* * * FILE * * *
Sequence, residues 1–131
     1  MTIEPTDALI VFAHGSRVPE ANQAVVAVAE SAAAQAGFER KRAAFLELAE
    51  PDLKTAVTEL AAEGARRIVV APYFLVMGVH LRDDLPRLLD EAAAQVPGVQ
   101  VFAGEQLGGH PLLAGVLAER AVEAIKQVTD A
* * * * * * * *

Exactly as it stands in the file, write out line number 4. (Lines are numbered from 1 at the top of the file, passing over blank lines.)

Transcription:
   101  VFAGEQLGGH PLLAGVLAER AVEAIKQVTD A